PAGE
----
Jim...I'd also spend the money and get the carbide bits over the High Speed Steel ones (HSS) Both can be sharpened, but you'll get lots more life out of the carbide ones, however HSS bits are harder and harder to find anymore. I think Craftsman still has a line of them however. You'll still be cutting with the carbide when the HSS is smoking on the wood.... Doug
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Postby kayakrguy » Fri Dec 15, 2006 4:51 pm

Doug, Brick, Jim,

Thanks for the information and advice. I borrowed my son's old Ryobi router to do the roof line...he got a new porter-cable plunge router <g>
Still a little :shock: ed by the $$$ of the bits, but I agree, if you are going to do woodworking on a regular basis, then the better bits are the way to go...

Jim
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Postby Podunkfla » Sat Dec 16, 2006 12:56 am

kayakrguy wrote:Doug, Brick, Jim,

Thanks for the information and advice. I borrowed my son's old Ryobi router to do the roof line...he got a new porter-cable plunge router <g>
Still a little :shock: ed by the $$$ of the bits, but I agree, if you are going to do woodworking on a regular basis, then the better bits are the way to go...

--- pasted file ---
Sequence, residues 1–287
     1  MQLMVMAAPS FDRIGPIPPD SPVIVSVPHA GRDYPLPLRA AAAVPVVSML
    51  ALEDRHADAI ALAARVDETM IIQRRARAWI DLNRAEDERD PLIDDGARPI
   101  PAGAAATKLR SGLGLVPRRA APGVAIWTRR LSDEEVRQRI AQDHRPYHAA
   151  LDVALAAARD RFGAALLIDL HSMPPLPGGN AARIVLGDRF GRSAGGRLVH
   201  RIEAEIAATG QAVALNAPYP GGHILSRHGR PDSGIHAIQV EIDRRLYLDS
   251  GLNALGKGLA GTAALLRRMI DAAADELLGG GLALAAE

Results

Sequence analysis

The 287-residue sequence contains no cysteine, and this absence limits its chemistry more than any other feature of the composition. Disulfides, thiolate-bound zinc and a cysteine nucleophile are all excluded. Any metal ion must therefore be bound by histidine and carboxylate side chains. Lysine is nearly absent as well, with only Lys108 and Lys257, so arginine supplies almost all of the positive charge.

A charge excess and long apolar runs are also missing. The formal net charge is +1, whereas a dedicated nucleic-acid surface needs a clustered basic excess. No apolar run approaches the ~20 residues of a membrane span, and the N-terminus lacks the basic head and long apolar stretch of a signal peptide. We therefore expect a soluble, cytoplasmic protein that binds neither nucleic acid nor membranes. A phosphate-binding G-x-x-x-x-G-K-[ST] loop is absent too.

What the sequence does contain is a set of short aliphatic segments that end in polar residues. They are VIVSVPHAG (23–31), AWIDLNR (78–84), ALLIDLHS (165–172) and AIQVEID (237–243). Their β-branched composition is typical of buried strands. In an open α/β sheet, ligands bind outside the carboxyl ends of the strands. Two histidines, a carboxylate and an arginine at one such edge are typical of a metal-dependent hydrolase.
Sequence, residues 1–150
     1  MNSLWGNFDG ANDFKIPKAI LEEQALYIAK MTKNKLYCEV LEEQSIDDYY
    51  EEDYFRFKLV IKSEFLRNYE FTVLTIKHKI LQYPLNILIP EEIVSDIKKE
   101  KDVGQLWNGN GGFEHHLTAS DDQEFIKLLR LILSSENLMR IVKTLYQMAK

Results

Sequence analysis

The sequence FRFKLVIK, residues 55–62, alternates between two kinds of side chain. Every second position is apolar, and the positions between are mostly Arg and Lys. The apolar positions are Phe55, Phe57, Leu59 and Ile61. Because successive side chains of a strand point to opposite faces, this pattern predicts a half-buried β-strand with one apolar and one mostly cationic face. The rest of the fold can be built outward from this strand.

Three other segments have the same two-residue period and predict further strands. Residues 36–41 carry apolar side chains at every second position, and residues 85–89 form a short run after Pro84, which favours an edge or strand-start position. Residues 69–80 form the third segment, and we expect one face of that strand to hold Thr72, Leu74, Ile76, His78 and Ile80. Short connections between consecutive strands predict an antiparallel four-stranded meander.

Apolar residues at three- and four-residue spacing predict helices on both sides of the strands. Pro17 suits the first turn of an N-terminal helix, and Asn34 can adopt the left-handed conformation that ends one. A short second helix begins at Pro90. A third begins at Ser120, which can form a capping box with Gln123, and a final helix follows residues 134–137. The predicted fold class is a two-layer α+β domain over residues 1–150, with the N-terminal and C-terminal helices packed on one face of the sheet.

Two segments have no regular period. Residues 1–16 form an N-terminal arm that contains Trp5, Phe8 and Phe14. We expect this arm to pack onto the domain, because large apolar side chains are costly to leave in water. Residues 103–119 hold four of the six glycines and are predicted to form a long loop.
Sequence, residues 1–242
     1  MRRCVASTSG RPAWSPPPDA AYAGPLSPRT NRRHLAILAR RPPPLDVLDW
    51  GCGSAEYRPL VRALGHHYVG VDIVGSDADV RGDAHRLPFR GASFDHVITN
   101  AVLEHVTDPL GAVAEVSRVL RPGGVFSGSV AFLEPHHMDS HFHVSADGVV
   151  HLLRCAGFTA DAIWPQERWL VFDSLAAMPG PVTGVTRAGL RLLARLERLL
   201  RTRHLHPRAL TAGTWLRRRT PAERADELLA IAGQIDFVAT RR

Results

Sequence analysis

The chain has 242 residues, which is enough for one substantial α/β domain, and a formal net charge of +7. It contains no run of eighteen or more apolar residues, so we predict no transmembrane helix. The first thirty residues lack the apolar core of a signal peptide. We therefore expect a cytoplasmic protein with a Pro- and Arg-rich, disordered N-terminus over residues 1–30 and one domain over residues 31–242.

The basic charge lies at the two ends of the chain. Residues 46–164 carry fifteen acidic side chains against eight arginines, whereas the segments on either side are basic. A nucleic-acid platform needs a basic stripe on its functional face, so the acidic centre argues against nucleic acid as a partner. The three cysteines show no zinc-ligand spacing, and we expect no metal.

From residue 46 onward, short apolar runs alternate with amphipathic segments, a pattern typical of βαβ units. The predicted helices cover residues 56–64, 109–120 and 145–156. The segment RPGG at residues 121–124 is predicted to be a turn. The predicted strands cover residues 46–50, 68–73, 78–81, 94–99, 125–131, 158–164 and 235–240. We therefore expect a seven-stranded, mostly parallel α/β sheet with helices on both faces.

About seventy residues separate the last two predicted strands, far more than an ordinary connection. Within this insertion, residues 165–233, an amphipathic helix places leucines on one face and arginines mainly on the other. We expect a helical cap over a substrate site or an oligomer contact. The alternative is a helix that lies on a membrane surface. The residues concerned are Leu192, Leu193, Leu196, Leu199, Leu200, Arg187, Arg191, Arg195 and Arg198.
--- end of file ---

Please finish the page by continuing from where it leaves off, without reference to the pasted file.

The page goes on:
Jim


Jim... A good source of medium priced router bits is:
http://www.woodline.com/

I have and use a bunch of their bits. In my experience they are every bit as good as Amana & DMT and some others that cost more. They are imported, but their quality control seem very good.

GrizzlyIndustrial.com also has some good imported bits at the medium price level. Got a few of them yucky green ones too.

Whiteside makes the best router bits I have ever used and the highest rated by Fine Woodworking Mags tests. Damn fine bits! with a price to match. I do have a few of them too for bits I use a lot.

I also have some of the yellow cheapies I bought on ebay... 'cause I could get a whole set of bits for the price of one Whiteside bit!

As you have found out... The worst place to buy router bits is the big box stores... OUCH! :shock:
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Postby doug hodder » Sat Dec 16, 2006 1:08 am

Brick's right...best buy on router bits I've found is when the Woodworking show is in town...Whitesides are great and at a show like that you can really get some deals, they'll have every imaginable router bit....That's when I load up on sanding disks, belts, glue brushes etc...consumable stuff. In a pinch today...went to HD...got a 1/8" roundover bit, loaned mine out and never saw it again...28$ to replace it. Doug
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Postby rbeemer » Sat Dec 16, 2006 2:25 am

Try this place for router bits they only carry whitside and if you are on their e-club right now you can get 1/4 " round 1/2" shank for $18.80

http://www.woodpeck.com/whitesideroundover.html
Rick

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Postby mikeschn » Sat Dec 16, 2006 6:28 am

I don't need many router bits, but I buy mine here. Excellent prices on carbide bits...

http://mlcswoodworking.com/

Mike...